A recent article in the New York Times Magazine offers an intriguing explanation for why some ancient kitchen utensils may be particularly effective at preserving food: The foodstuffs they were designed to handle were much different from today’s kitchen utns.
“A few years ago, when we were doing some research on ancient foods, we learned that the earliest kitchen tools were made to be able to handle a lot of different foods, and then we also learned that they were meant to hold the foods,” says Katherine Hays, a food preservation expert and an associate professor of agricultural and food sciences at Cornell University.
The same was true for ancient pottery and pottery tools, which were made for storing the foods of the people who used them.
“There were a lot more different kinds of foods that people were cooking and preparing and cooking and eating,” Hays says.
“It’s not surprising that the utensil that was designed to hold those foods would be more likely to preserve them, and also more likely that it would have a lower carbon footprint.”
In other words, an ancient tool made for preserving food would be much more efficient than an older, more expensive one made for holding food.
Hays and her colleagues at Cornell have spent the past few years studying the carbon footprint of ancient tools, looking at the material used to make them.
In the process, they’ve found some surprising results.
“When we looked at the carbon-dioxide emissions from an ancient potter’s wheel, it turned out that they had a very high efficiency, about 10 percent,” Hams says.
It wasn’t until recently that Hays began to get interested in this topic, but she had always wanted to know why the ancient utensills were better at preserving than modern ones.
“The answer is that they’re more efficient,” she says.
When it comes to food preservation, there are many factors at play, including the quality of the food, the size of the bowl, how much water it is packed with, the kind of pot it was made in, the shape of the handles, the number of layers of food inside, and the number and variety of layers that were used to keep food at different temperatures.
Some ancient tools have very specific functions, like for making sure that the bowl has enough water to fill it.
Other utensillmakers, like the ancient potters who made the pottery that we know today, were designed for holding larger amounts of food, and for handling larger amounts in one place.
“So, if you’re making a pottery utensile that’s designed to carry a lot, for example, for cooking, it’s designed for using lots of water, but if you make a potterly utensilian that’s not designed to use a lot and you’re doing things like making an iced tea, then it’s not necessarily designed for the task at hand,” Halsons says.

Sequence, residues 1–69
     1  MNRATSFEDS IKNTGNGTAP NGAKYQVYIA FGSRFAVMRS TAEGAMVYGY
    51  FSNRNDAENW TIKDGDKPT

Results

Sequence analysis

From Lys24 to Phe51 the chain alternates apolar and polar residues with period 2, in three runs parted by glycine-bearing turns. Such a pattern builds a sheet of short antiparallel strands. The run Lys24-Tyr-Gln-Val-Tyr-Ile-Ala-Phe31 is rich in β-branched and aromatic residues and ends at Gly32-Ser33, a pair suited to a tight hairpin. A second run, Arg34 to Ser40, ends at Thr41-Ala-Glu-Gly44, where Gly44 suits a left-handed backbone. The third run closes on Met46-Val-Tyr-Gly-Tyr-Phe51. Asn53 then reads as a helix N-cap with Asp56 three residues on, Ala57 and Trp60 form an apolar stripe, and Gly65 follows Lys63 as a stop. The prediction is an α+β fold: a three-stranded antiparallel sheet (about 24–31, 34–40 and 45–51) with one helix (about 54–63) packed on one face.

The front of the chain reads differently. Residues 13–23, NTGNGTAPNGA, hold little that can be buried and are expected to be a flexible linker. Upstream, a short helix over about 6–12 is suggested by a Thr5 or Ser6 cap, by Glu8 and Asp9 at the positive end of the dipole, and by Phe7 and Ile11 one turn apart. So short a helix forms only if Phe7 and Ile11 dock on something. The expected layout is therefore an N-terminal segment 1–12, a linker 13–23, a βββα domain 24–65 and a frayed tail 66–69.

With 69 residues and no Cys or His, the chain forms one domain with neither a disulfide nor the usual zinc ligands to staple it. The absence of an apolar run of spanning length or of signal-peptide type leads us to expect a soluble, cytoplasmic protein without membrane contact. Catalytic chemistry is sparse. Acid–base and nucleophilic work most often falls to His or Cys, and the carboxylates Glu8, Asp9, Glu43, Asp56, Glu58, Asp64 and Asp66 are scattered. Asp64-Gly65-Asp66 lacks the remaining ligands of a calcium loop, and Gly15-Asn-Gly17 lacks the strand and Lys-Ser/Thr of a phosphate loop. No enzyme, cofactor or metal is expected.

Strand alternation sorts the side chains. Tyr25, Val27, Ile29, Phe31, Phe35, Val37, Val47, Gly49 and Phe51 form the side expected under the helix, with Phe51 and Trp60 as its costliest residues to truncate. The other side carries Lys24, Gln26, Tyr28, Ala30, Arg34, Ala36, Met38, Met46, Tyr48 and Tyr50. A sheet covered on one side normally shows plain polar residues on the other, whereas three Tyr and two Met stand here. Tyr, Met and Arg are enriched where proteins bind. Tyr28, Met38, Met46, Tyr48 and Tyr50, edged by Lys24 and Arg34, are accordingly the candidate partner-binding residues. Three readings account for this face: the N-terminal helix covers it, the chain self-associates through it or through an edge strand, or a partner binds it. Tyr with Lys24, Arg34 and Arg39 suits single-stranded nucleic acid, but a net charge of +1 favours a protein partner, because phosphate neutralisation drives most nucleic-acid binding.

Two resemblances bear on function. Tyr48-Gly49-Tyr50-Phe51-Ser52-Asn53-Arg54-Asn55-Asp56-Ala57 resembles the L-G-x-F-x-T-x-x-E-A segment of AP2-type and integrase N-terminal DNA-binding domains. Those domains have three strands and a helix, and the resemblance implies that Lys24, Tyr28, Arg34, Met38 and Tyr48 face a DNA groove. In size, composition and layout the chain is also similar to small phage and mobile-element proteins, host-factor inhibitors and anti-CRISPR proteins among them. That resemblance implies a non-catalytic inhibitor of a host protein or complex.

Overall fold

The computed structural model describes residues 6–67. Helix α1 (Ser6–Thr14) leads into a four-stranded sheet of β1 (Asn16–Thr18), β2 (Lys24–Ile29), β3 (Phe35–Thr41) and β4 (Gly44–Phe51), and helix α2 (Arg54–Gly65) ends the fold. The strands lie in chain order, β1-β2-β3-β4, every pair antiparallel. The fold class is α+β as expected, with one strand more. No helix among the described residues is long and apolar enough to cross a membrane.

But, if a potters wheel has an efficiency of less than 10 percent, that doesn’t mean that it can’t handle a wide variety of food.
It may simply be that the more the food is stored, the less efficient it becomes.
For example, in the case of a modern, more portable pottery pot, the water that was poured into the bowl is going to wash off quickly and that water has a higher carbon footprint than the water poured into a pot that’s made of pottery.
In order to preserve the food better, a potting mix should be made that doesn�t have so many layers.
And if the food itself is kept at a lower temperature, that means it should have a higher degree of protection against bacteria, viruses, fungi, and mold, and should be easier to keep in a refrigerator.
Hams’ group has recently started studying the use of potter�s wheels in different contexts, looking to understand why certain types of potters wheels were used for preserving foods in different locations.
They’re currently studying whether there is a specific function for pots that are used for storage and other tasks.
“We’re looking at why these types of utensiles were designed, whether they are used to hold food or to be used to do other things,” Hanks says.
For instance, one of the ancient pots used for storing rice, for use in preparing food in different regions, was designed for keeping the water out of the pot, so that the rice would not get soggy or moldy.
In another example, one type of ancient pot made for storage of food in the same way that it was used to preserve it, was also designed for storing food, but not for storing water, so as to reduce the amount of water needed to clean the food.
“If we can understand how pots are used and how the pots were designed in terms of what functions they serve, then we can also understand how we can use them in different situations,” Haps says.
Hrams and her team are now studying the effectiveness of ancient pots in different settings.